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Take me to the Promised Land


 So what ‘agendas’ are driving the 2016 presidential campaign? Much has been written about the phenomenal rise – at least to the mainstream – of candidates perceived as outsiders like Trump and Sanders. But an agenda drives their success even if it is unarticulated and mostly characterized by a vague, overarching sense of disquietude. The obvious propellant is anger – anger at income inequality, residual anger over the bank bailouts of 2008, the perception, correct or no, of a rigged system, the corruption of vast sums of money putting thumbs on the scales of electoral politics and, in direct consequence, politicians understood as bought and paid for, the sense that government only works for the rich if it works at all, and the economic bottom line: wage stagnation. All these issues are related, and they cross pollinate and feed on each other. And they spawn often ugly or bewildering progeny: a circling of the wagons against any kind of outsider or ‘furriner’ to protect what little you think you have left, a shoot first and ask questions later mentality, an abiding distrust of our ability to work together for the common good, an enthusiastic embrace of ideas once regarded as radical.

Thus we have an extremely entertaining if often dismaying campaign season. To the degree to which it has thoroughly flummoxed the political establishment, it has already fulfilled one facet of voters’ agenda: a tremendous desire to ‘stick it to the man.’ But a much more interesting question is how various candidates sync with voter anger.

Something inherent in human nature longs for a messiah. We want to be saved, redeemed, vindicated – brought into the light, Sans Christos mythology, the Greeks couldn’t make their theater work to their satisfaction without a deus ex machina. We desperately want the world to be fair; we see clearly that it is not. A nice savior seems highly desirable: someone who can ‘make it right.’ An election by definition is an exercise in hope and belief about the future. And this election particularly is infused with messianic longings.

Donald Trump is our present John Wayne. He seems part and parcel with the common man, a plain spoken, shoot-from-the-hip kind of guy. Yet his billions proclaim that he has made it in a hyper-capitalistic world, something a very great many of us feel we have not. They also make him seem above the fray, perhaps personally corrupt, but also in some sense incorruptible. He’s not worried about playing by the rules or speaking the script: any savior worthy of the name is above all that. He offers simplistic solutions, if they can be called solutions at all, to complex problems – exactly what a nice deus ex machina should do, just re-engineer the entire plot. He doesn’t even come close to meeting the demands of Republican orthodoxy and that is precisely his appeal to the great masses of lower income Republican voters who feel betrayed by that orthodoxy.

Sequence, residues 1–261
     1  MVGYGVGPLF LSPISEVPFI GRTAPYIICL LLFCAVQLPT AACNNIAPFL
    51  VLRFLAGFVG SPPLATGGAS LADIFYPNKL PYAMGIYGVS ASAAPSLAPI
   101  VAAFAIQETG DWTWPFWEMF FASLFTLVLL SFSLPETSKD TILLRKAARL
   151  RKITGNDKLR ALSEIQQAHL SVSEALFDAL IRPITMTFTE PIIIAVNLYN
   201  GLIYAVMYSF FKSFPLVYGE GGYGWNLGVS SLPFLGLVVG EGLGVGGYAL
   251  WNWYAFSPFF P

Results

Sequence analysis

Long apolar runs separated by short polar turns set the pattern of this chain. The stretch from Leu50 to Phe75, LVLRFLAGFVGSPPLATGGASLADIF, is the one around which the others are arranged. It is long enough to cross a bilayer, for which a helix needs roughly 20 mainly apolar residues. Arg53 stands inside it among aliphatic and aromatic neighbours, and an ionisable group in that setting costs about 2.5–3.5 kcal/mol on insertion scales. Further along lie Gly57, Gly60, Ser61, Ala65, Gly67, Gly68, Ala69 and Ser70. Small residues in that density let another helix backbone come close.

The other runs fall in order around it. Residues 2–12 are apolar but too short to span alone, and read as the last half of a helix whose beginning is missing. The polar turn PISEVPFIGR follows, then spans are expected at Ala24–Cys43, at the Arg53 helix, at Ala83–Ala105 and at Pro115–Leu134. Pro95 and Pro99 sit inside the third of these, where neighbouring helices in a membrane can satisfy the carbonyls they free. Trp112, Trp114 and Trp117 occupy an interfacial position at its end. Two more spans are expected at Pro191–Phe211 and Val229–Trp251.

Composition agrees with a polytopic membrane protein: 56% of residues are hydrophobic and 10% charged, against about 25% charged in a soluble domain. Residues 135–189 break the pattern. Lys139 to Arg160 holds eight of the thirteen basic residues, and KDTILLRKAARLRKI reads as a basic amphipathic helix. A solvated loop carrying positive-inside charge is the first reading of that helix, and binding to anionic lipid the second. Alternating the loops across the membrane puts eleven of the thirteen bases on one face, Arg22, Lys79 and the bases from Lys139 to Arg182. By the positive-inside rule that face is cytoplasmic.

Bernie Sanders is the modern day reincarnation of the progressive movements and leaders that emerged from and went head to head with our first Gilded Age. He’s also a direct descendant of Occupy Wall Street and the masses who elected and re-elected Obama in ’08 & ’12 but find the messianic hopes invested in him unfulfilled. If hyper capitalism is a big part of the problem, he’s the anti-capitalist. (If matter is partially defined by anti-matter, messiahs are at least partially created by what they stand against).

Bernie is the primal scream for every single specific ingredient in voter anger, and his policies are meant to address them directly and absolutely. He also understands messianic longings (his is Jewish after all) as unrealistic – he is as afraid of that label as Obama should have been – and calls for a political revolution under-girded by the masses. But what he is saying is still implicitly messianic: a voice crying in the wilderness to make straight the paths. And he rattles Democratic orthodoxy as much as Trump does Republican.